Money myths: 5 stereotypes about women and finances that we need to bust right now
It’s the 21st century and women are more empowered than ever. There’s no reason as to why they should be dependent on their spouses or parents for money-related decisions
It’s the 21st century, and women are more empowered than ever. They are flying planes, fighting enemies at the border, and spearheading global business empires. However, is our society still free of the false belief that men are better than women when it comes to managing money? Well, doesn’t seem so. According to a study(1) conducted by DSP BlackRock and research agency Nielsen, about 77% working women are dependent on their spouses and/or their parents for financial decisions. In another study(2) by Fidelity Investments, eight out of 10 women confessed to having refrained from discussing money with those they are close to.
What has led to this practice of not allowing women to take charge of her finances? We can safely attribute it to long-established social norms and cultural attitudes. Let’s dismantle some of these.
1. Women are bad with money
The idea that women are impulsive when it comes to money is a damaging stereotype. Movies, pop culture, and literature have only added to the fallacy. A study(3) by Fidelity Investments held last year revealed that women not only save 0.4% more than men, but their investments also earn more annually by the same amount. So, how does the new-age woman bust this age-old money myth, while also building a sound financial ground of her own? Start taking note of where your money is going; no matter how small the amount is, as that is the only way you can boost your savings. Maintaining a diary is a good way to plan a monthly or weekly budget. Also, cut down on expenditures wherever you can.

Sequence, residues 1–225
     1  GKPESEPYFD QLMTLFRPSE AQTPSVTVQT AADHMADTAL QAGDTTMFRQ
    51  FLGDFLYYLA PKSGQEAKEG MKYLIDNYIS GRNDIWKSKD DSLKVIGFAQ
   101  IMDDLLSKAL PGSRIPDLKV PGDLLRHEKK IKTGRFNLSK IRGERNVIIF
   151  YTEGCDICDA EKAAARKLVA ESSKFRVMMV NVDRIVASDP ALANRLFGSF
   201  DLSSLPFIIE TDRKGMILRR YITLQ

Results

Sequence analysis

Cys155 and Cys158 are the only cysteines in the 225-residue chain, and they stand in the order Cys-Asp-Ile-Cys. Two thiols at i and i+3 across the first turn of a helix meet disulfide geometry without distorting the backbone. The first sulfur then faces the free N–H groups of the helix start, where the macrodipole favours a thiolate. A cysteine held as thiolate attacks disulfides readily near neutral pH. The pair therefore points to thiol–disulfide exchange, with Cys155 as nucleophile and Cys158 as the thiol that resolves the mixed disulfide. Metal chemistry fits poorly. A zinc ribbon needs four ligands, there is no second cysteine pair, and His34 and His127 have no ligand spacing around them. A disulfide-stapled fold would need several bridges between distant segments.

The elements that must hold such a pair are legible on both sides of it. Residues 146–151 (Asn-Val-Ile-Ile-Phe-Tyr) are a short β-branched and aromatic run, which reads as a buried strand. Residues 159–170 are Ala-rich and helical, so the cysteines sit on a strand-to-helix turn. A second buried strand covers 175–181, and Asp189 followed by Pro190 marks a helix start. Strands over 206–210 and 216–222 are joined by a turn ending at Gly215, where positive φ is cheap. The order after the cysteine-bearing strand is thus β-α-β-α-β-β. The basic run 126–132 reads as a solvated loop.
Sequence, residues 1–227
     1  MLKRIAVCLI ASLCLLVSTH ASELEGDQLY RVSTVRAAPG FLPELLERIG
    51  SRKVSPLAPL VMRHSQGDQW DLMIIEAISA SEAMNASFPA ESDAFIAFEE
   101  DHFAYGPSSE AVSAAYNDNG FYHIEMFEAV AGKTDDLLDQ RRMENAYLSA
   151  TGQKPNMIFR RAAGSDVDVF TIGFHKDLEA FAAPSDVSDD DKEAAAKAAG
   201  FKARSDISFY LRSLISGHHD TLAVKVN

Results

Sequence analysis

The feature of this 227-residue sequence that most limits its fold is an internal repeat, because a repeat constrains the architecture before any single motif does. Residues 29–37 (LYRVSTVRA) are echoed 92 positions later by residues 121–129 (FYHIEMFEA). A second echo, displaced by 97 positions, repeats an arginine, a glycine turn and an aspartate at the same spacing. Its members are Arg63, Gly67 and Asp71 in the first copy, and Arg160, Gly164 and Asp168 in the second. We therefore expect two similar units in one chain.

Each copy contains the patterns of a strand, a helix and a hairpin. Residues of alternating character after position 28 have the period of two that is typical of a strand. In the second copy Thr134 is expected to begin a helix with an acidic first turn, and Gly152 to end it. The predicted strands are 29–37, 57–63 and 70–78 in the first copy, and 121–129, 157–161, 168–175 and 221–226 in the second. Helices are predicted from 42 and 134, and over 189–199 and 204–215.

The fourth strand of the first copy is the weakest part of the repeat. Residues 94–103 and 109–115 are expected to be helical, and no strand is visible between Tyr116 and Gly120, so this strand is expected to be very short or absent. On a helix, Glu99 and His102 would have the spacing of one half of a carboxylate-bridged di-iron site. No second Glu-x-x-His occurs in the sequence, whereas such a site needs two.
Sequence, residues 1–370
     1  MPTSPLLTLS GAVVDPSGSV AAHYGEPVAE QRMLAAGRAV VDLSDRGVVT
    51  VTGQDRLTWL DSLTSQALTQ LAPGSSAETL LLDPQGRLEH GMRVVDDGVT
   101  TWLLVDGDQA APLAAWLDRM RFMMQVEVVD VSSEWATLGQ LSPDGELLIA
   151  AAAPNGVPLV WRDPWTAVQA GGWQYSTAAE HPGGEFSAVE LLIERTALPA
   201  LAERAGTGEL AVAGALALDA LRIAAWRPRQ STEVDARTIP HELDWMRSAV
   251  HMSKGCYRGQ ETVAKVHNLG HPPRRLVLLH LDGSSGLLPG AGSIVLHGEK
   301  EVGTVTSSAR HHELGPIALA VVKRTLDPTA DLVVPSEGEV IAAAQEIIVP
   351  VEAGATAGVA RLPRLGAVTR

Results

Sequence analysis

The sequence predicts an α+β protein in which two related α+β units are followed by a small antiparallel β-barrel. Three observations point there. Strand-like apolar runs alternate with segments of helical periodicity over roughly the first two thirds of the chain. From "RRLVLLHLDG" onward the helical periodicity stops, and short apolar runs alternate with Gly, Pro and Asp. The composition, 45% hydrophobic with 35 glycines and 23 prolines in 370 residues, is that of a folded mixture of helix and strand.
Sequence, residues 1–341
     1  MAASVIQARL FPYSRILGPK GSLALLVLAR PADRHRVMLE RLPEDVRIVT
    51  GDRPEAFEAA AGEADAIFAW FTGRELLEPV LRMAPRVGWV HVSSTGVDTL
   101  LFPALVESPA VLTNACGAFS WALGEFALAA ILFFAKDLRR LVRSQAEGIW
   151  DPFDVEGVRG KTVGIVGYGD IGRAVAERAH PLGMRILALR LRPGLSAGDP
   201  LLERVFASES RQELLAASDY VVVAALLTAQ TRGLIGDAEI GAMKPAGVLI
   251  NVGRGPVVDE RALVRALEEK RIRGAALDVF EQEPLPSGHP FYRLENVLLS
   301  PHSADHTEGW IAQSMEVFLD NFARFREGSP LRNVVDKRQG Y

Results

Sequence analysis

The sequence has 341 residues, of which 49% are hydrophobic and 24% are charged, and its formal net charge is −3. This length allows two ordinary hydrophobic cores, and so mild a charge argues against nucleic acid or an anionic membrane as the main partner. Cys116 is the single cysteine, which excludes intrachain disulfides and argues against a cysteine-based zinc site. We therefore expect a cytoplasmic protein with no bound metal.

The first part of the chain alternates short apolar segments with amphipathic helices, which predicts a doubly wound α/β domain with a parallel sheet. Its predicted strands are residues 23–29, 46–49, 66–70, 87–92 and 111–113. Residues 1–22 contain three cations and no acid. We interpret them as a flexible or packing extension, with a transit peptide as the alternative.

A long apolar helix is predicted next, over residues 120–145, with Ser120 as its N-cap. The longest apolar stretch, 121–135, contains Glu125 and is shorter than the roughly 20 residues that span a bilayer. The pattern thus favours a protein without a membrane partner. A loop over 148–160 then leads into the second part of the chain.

2. Women will be ultimately dependent on their husbands
Why does a woman have to depend on her husband for all her daily needs? Why does she have to let her husband/father decide how she should spend her money? “It’s all because of patriarchy. If a woman starts taking decisions in the family, will it only mean that she is crossing ‘gender barriers’?” says Mahasweta Pal (30), a Gurugram-based writer.
The reality, however, is that Indian women are more than capable of making their own decisions. As managers in their homes and leaders in their offices, women are rarely dependent on anyone when it comes to achieving their objectives. Most urban families today, in fact, follow the double income structure, with both partners contributing to household expenses. However, despite being full-time earning members in the family, most women are rarely involved in long-term financial decisions and investments – leaving such matters up to their spouses. This mindset clearly needs to change.
So, whether you want to buy a house, start a business, or even educate your children in a reputed institute, you need to start planning right now. Don’t depend on anybody. Of course, you can always reach out to your loved ones for advice, but never compromise on your life goals because somebody else didn’t approve of them.
3. Women cannot comprehend financial matters